Proposals for new laws, or amendments to laws that are already in force, usually come from the Government in the form of a Government bill. However a legislative proposal can also be presented in the form of a private members' motion from one or several members of the Riksdag. All legislative proposals are prepared by a parliamentary committee before the Riksdag makes a decision.
Legislation may concern anything from the penalty for shoplifting, to the phasing-out of a nuclear power station or changes to the health insurance system.
New laws can only be adopted by the Riksdag
The Riksdag is the only public body with the authority to adopt new laws or to amend existing legislation. A law that has been adopted can only be annulled or amended through a new decision by the Riksdag.
The Government can also adopt rules that everyone residing in Sweden must follow, but these rules are known as ordinances. The Instrument of Government, which is one of Sweden's fundamental laws, stipulates what must be decided by law and what can be decided by an ordinance.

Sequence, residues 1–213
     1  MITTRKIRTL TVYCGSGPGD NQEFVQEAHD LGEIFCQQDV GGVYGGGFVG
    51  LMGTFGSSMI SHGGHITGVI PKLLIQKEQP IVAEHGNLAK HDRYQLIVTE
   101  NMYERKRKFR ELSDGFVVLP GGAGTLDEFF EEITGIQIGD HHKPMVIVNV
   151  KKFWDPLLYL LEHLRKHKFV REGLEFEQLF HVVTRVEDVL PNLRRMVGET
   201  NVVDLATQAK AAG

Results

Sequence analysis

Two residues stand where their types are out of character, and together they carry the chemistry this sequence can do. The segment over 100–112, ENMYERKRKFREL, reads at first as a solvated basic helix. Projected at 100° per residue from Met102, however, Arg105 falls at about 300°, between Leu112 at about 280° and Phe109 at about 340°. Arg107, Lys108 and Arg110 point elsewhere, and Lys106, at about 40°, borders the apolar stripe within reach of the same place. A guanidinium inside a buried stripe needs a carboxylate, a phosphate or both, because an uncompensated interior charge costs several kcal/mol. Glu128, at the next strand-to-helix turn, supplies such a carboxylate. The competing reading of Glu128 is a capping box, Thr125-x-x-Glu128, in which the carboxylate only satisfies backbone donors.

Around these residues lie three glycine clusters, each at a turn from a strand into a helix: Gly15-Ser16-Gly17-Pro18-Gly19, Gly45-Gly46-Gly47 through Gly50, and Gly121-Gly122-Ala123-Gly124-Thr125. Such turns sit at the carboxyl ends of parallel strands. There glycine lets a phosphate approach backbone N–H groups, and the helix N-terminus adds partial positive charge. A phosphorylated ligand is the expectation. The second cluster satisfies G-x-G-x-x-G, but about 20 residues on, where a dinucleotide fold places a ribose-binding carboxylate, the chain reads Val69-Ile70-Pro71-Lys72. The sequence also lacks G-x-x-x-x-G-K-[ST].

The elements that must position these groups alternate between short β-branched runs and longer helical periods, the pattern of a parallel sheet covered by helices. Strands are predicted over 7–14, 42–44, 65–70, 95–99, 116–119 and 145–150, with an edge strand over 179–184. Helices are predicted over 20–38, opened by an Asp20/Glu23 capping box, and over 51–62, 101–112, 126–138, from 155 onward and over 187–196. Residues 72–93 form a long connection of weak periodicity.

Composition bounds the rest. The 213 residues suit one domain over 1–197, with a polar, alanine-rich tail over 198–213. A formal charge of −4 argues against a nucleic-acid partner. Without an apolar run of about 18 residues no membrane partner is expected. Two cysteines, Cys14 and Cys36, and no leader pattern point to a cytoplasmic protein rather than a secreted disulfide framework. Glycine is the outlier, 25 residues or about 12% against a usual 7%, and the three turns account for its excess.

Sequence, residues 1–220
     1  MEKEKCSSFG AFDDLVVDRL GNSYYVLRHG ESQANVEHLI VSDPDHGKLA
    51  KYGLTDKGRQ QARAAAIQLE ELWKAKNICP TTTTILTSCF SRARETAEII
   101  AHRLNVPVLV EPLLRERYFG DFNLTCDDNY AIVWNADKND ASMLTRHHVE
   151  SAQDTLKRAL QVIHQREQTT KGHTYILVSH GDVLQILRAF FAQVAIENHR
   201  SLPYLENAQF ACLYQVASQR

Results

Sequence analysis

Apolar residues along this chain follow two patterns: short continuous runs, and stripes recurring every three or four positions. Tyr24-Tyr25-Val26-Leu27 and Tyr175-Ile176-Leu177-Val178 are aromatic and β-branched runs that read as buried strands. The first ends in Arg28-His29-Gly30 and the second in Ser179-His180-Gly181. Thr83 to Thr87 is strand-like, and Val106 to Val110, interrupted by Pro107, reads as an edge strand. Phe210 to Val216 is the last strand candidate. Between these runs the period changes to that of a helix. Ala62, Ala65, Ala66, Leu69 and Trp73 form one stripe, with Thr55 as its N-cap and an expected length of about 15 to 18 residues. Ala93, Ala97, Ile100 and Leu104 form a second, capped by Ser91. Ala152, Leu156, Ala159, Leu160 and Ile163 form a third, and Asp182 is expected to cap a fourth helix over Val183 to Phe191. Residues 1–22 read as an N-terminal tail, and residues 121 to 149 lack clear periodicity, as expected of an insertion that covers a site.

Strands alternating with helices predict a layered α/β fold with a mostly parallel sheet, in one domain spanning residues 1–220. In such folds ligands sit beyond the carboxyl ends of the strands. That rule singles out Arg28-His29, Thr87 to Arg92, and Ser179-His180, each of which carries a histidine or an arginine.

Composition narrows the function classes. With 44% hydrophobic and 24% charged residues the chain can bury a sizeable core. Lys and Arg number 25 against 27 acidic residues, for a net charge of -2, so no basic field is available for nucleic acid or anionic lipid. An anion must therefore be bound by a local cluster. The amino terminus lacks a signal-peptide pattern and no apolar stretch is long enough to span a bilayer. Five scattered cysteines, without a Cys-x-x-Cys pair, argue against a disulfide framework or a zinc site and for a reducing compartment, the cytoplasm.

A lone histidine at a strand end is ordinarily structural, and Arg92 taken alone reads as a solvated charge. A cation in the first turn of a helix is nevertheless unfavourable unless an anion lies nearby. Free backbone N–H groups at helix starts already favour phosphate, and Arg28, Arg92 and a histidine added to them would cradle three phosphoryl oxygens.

All laws and ordinances are published in the Swedish Code of Statutes (SFS), which is available in print and on the Internet.
Swedish statutes in translation (the Government)
Proposals from the Government
Proposals for new laws, or amendments to laws that are already in force, usually come from the Government in the form of a Government bill.
If the Government, for example, wants to introduce a new law containing amended rules on overtime, it must first submit a proposal to the Riksdag. For the proposal to be adopted as a law, a majority of the members of the Riksdag must then vote in favour of it. The Riksdag notifies the Government of its decision, which then issues the new law and ensures that it is implemented in the way intended by the Riksdag.
The Riksdag does not only take decisions about legislation
Many, but not all, of the decisions made by the Riksdag concern legislation. Other areas in which the Riksdag makes decisions include the central government budget and goals and guidelines for central government activities.
The EU also decides on legislation
Sweden is a member of the European Union (EU). This means that the Riksdag is no longer the only body with authority to decide what laws shall apply in Sweden; it shares this task with the EU.
Deals with EU matters